February is Black History Month.

Carter G. Woodson, a distinguished Black author and journalist, advocated for a Black History Week in 1924. Woodson felt that the lives and accomplishments of Black Americans were not being properly recorded or celebrated. This idea eventually became what we know as Black History Month.

Black History Month is meant to be jumping off point for an on-going, year round conversation. Today, we start that discussion by delving into the life of Sybil Swinerton, the last surviving slave of Danvers, now Peabody.

Sybil Swinerton was born in 1772, likely in February per her obituary. Her exact birthdate is unknown. As she was enslaved, formal written birth records simply do not exist. On any documents, Sybil would be noted as property, not a person.

Slavery was formally abolished in Massachusetts through a series of court cases between 1781 and 1783. Sybil would have been freed around the age of 11. According to John Wells’ The Peabody Story, Sybil Swinerton was enslaved by John Swinerton of Danvers (now Peabody). Sybil used his last name once free. Sybil’s name was sometimes spelled Sibyl, Sibbel, or other variations on Sybil.

It was difficult to find information on Sybil prior to 1830, as records for this period only list the male head of household.

Here was her listing for the 1830 Census. She was living in Salem, Massachusetts.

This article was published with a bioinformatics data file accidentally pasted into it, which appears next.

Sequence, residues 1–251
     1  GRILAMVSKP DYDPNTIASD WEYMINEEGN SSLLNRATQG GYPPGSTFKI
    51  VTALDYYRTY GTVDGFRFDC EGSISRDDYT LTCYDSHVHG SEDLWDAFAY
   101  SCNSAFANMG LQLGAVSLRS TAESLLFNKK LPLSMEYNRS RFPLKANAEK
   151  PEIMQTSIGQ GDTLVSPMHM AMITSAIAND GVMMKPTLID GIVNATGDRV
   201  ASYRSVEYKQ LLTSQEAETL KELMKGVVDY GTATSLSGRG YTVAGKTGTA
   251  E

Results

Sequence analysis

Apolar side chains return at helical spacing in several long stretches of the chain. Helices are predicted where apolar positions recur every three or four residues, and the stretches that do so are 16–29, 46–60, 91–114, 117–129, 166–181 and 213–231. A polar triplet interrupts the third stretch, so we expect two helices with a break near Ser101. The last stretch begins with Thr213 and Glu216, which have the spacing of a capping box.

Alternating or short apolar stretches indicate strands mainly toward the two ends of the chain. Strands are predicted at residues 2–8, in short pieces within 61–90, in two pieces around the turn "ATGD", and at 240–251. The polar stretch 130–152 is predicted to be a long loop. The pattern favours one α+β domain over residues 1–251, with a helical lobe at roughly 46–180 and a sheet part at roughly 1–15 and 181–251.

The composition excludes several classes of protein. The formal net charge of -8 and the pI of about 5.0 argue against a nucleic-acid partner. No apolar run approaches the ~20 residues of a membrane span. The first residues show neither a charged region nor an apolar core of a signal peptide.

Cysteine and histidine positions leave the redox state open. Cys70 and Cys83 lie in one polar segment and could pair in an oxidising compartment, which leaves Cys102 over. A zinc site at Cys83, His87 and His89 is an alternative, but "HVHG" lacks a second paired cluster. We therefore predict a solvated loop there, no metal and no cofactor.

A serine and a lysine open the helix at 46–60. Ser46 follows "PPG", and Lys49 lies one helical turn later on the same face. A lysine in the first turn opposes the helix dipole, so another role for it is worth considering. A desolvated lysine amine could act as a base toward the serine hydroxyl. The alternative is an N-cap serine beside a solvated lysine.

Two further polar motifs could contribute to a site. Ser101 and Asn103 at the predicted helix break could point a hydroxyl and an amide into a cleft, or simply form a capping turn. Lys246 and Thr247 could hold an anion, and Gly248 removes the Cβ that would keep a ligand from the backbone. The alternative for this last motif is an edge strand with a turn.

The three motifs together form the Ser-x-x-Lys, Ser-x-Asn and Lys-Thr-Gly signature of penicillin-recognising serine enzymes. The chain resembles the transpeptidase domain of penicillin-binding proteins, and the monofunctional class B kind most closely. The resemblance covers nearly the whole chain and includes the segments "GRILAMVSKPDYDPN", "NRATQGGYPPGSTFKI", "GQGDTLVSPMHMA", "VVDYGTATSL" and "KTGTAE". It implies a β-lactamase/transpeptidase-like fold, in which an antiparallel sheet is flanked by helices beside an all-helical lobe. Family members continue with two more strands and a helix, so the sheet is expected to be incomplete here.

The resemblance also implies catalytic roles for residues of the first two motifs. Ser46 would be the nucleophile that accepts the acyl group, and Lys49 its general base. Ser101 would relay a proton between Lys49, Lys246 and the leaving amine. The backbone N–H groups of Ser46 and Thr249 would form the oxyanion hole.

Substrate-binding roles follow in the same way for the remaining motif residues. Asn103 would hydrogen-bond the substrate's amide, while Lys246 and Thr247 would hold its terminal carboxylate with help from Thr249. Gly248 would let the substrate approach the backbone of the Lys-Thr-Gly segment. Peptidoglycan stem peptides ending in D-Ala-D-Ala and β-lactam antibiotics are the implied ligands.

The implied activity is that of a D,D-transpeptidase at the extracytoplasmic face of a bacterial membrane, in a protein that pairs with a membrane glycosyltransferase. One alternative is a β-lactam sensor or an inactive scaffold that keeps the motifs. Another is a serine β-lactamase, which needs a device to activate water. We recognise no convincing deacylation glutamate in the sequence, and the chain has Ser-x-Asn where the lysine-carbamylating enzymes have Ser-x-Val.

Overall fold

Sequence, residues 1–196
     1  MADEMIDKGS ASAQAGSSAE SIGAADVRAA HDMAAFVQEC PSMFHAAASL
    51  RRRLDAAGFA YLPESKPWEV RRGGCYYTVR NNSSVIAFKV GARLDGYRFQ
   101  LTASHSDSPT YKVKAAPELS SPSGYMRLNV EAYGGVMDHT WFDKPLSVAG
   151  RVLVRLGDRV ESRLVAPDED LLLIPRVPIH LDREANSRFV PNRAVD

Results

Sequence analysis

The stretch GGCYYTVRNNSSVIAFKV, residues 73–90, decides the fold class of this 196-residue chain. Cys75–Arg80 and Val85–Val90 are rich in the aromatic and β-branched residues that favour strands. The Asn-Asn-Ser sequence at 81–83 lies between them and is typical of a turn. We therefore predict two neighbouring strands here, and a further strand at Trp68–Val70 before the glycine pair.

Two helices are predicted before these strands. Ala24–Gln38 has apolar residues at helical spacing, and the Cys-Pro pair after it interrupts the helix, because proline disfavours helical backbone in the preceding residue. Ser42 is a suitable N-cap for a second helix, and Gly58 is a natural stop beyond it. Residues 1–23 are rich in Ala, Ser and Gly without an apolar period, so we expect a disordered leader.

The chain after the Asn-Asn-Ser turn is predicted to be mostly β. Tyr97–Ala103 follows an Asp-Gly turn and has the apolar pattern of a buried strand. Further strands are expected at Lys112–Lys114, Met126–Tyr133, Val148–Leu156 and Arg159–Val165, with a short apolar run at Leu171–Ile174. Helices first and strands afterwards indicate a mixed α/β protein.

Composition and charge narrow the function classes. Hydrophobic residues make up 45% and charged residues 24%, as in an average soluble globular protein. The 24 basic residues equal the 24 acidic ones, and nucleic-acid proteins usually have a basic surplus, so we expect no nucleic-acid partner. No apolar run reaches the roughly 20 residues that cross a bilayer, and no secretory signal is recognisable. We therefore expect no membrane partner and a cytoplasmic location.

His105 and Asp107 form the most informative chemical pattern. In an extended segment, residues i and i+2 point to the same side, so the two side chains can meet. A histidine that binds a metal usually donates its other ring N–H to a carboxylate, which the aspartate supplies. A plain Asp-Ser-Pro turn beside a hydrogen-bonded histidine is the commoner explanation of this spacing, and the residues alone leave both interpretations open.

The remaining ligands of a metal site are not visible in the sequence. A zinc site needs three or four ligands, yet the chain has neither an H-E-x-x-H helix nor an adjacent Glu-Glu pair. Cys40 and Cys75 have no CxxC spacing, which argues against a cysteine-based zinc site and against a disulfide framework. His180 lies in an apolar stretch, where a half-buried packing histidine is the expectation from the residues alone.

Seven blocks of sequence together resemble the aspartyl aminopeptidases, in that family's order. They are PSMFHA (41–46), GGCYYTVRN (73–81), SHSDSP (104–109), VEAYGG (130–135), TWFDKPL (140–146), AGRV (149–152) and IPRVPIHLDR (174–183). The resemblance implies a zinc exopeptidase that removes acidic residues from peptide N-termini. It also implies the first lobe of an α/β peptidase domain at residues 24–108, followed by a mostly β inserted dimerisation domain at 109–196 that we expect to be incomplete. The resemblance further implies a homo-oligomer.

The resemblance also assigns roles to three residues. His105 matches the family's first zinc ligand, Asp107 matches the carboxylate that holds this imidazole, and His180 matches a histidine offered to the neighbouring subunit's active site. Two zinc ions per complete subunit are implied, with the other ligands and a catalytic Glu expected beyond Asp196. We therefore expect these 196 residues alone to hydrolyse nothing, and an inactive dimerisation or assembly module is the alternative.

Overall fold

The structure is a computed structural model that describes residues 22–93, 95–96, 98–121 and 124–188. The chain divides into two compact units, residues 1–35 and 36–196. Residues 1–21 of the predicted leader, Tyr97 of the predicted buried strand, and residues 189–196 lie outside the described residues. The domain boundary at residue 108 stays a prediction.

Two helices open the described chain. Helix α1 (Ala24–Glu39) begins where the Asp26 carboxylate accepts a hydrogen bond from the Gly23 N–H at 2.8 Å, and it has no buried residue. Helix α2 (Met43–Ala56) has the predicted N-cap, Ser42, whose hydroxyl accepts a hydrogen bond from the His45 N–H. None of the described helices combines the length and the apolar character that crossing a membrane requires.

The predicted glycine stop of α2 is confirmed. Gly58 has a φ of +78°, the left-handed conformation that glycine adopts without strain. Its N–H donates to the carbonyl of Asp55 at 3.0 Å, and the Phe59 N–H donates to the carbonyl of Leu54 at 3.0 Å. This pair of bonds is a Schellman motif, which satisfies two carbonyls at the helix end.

In the 1855 census, she was described as an 82 years old, female, Black and slave, formerly in Danvers. She lived in Salem, Massachusetts.

In the Federal Census of 1860, she was listed as a washerwoman, aged 88.

The most information we have on Sybil was from her obituary in the Salem Observer. She died at the age of 93, at the Almshouse in South Danvers (now Peabody) on March 11, 1863.

We uncovered some of the details of Sybil Swinerton’s life. However, we could know so much more. It comes down to what is recorded and who is deemed “important.”‘

At the Peabody Historical Society and Museum, we work to preserve the history of Peabody and all of its people. However, at this time, our museum collections have very few documents, photographs or objects that speak to the Black experience in Peabody. We want to change that with your help. We are actively seeking donations to better tell this story. Please reach out with any questions to Assistant Curator, Nora Bigelow, at nora.bigelow@peabodyhistorical.org.